is the 5 bor bike tour any good?

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Anonymous's picture

Is it packed with little kids & people barely able to ride? I'm not looking for a race but it would be nice to at least be able to keep a leisurely 12-15mph pace. Is this possible? The odds of my getting there really early to be close to the front are not great.


Anonymous's picture
JP (not verified)

While the route and ride may sound great, the numbers (30,000+) make it sort of hellish. Lot's of inexperienced riders stopping/turning without warning, going 7-8 mph, bottlenecks, slow starts, wobbling, walking - I'd rather ride my trainer at home (which I dislike). Security checkpoints at bridges make it even worse. The ride will be a success if only 29,999 ride it.

BTW, your name sounds somewhat familiar - ever play at Dan Lynch Blues years ago?


Anonymous's picture
Bill (not verified)
Thanks all for the good suggestion

I think I'll instead ride north and west :-) Or at least do it with low expectations. My girlfriend hates crowds. I don't mind them and could deal with it on my mountain bike I guess.

I did really enjoy the NYCC ride along the NY Marathon route last November. It seems the route's pretty similar minus the astoria dogleg and the verazzano portion.

BTW, are there any charities benefiting from the rather steep $38 fee?

(And no I never played at Dan Lynch's but I did throw up backstage at CBGB's once)

Anonymous's picture
Evan Marks (not verified)
Thousands of people love this ride

"I'm not one of them.

I did it 15 years ago and said never again, got talked into it again 3 or 4 years ago and this time I mean it - never again.

Little kids are not a problem, but adolescents (chronlogically or otherwise) who have no idea how to behave in a crowd threaten my wellbeing and ruin it for me. Idiots shouting ""whoop, whoop, whoop"" inside every underpass get tiresome after about 5 minutes. Riding at the front to stay ahead of the worst of the crowd is not entirely possible because of the way the ride is stopped to regroup before closing the roads ahead, giving people who raced ahead and fell back during an earlier segment time to rest so they can race ahead again (cutting everyone off in the process) before tiring and falling back again. And on and on it goes.

Spending an entire ride in a state of tension worrying that someone will wipe me out is not my idea of fun. I'd rather clean the grout in my bathroom tiles (apologies to the guy who coined that remark)."

Anonymous's picture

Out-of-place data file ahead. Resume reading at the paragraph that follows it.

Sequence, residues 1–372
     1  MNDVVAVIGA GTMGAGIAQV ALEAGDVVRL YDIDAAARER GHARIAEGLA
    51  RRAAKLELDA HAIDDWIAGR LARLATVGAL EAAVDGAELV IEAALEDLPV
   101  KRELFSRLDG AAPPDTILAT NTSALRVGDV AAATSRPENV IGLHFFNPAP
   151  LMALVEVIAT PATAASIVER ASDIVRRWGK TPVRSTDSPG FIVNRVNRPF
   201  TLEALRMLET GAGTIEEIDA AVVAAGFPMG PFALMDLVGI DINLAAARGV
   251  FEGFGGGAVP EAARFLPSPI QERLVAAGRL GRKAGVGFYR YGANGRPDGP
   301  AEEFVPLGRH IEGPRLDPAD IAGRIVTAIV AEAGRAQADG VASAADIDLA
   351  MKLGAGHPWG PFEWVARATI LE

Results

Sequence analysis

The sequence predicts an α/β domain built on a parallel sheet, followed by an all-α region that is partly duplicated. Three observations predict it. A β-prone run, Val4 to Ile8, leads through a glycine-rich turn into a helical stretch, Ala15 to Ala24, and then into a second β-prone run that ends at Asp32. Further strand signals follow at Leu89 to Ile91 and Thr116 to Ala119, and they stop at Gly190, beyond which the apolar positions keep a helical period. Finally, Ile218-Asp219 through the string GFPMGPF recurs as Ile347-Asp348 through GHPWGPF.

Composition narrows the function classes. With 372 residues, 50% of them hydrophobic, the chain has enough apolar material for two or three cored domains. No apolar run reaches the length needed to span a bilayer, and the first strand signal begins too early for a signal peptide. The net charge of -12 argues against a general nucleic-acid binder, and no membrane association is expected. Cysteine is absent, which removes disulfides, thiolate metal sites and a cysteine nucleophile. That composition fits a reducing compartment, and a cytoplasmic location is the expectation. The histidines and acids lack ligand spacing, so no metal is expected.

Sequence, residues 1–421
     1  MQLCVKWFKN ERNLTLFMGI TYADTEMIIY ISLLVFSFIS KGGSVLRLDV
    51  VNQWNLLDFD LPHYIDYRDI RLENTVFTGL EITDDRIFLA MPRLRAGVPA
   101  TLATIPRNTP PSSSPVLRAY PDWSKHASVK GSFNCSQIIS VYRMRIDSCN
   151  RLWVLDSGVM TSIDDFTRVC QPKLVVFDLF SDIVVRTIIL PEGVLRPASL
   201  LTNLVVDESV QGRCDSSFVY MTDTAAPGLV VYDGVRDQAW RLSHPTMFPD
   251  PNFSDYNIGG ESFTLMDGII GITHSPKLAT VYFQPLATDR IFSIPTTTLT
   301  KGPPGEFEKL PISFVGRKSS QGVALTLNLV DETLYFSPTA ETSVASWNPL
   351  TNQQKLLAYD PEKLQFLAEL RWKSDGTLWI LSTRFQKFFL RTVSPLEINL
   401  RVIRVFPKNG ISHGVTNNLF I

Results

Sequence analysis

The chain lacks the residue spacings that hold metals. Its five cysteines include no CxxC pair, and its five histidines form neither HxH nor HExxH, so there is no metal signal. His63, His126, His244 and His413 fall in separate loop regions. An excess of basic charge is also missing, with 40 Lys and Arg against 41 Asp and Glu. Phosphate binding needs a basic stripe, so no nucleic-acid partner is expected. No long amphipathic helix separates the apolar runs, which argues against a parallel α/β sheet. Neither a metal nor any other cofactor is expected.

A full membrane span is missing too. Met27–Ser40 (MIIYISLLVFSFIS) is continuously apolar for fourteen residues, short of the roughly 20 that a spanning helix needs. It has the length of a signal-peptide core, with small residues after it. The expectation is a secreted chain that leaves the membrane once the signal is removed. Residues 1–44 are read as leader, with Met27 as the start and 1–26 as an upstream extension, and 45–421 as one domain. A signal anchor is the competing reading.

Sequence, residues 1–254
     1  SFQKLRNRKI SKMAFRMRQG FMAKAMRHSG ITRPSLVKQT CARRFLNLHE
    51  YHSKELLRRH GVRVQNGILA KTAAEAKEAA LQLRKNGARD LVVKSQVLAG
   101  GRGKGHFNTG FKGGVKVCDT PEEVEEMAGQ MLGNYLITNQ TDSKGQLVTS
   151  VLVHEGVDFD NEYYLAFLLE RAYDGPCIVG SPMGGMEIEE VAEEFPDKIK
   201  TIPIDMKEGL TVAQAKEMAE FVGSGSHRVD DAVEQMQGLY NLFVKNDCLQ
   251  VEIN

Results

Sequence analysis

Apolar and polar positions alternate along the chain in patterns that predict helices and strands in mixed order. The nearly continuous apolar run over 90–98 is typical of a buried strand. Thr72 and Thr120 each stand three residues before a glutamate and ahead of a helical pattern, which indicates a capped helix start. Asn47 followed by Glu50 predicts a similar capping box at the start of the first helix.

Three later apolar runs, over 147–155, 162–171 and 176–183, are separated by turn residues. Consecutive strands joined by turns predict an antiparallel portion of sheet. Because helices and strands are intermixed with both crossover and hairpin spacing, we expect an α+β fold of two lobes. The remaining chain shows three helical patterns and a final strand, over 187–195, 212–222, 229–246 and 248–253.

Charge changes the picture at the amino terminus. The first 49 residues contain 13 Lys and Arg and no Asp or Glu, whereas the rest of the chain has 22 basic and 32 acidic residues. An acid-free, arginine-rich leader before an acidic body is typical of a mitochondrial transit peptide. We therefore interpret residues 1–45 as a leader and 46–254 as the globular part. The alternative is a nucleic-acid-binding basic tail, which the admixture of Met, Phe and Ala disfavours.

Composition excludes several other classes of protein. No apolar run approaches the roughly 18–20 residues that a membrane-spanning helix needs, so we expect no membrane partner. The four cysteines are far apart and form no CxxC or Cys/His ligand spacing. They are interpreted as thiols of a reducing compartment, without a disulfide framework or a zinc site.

Jay (not verified)
5 boro

"there are some stretches towards the end where you can do a leisurely ride, but there is much crowding, especially in the beginning, after the lunch stop, at the end and in any bottleneck.
This is somewhat dangerous since many of the riders are inexperienced -- in past years if u didn't make the 1st chartered ferry back to Manh from Staten Isl u had a long wait

The TA Century in Sept--100 mles in every nook & cranny of Bklyn, Bronx & Queens affords more leisurely riding & an apreciation of NYc as a series of diverse ethnic & economic neighbrhoods--In that century the riders are strung out to the degree that one frequently cannot see any other participants, which is impossible on the 5 boro, which is more of a ""happening""

let me know if u have ay more ?'s!


Anonymous's picture
linda (not verified)
any other suggested rides

Do you have any other suggestions besides a century (which is how old I will be by the time I get to the finish line)? A large group ride/tour through NYC at 40 to 50 miles is more manageable for me. 30,000 people on bikes is scary. I've done the NYC marathon which gets a bit too cozy mid-pack and there, at least, you aren't dealing with massive amounts of untutored humanity wielding 20+ lb hunks of rolling metal.

Anonymous's picture
Isaac Brumer (not verified)
Bike NY & Alternatives

"1. I've done BikeNY on and off for 20+ years. There are bottlenecks (e.g. at the bridges) and boneheads, but the ride does fan out after the start. I think the key is to stay closer to, though not at, the front. Also, I usually pay well in advance and slip in at Canal street rather than wait in the starting corral.

2. The $38 fee pays for overhead and support, plus some funding to Childrens' Aid Society and Recycle A Bicycle.

3. A few nice alternatives are:
- NYCC's ""EscapeNY"" - held in the fall (there's a half Century option.)
- TA's NYC Century - also in the fall (has 35, 55 and 75 mile options.) in the fall.
- My favorite little ride is Tour De Bronx, sponsored by TA and the borough of The Bronx. It's 22 or 40 laid-back miles through a great variety of neighborhoods. Good ratio of riders to support. The services & entertainment are great and it's all free. It's in the fall.


Anonymous's picture
Isaac Brumer (not verified)
Oh and BTW

Oh, and by the way, I hate the ferry line. Two approaches I've done are
1. Blow off the ride at Fort Hamilton
2. Go over the Bayonne Br to Jersey City


Anonymous's picture
A.T. (not verified)
"It's not much of a ""bike"" ride, but it's a ""tour"" of the bo

"Well, it's called the 5 boro bike tour for a reason!

It's more of a ""march on bikes"" than a bike ride. Take it with the right attitude, you'll enjoy the festivity. Expect to blast through a traffic free street at 25 mph? You'll be sorely disappointed. The street maybe car free, but the bikes more than make up for the ""traffic"". And the potholes are still there!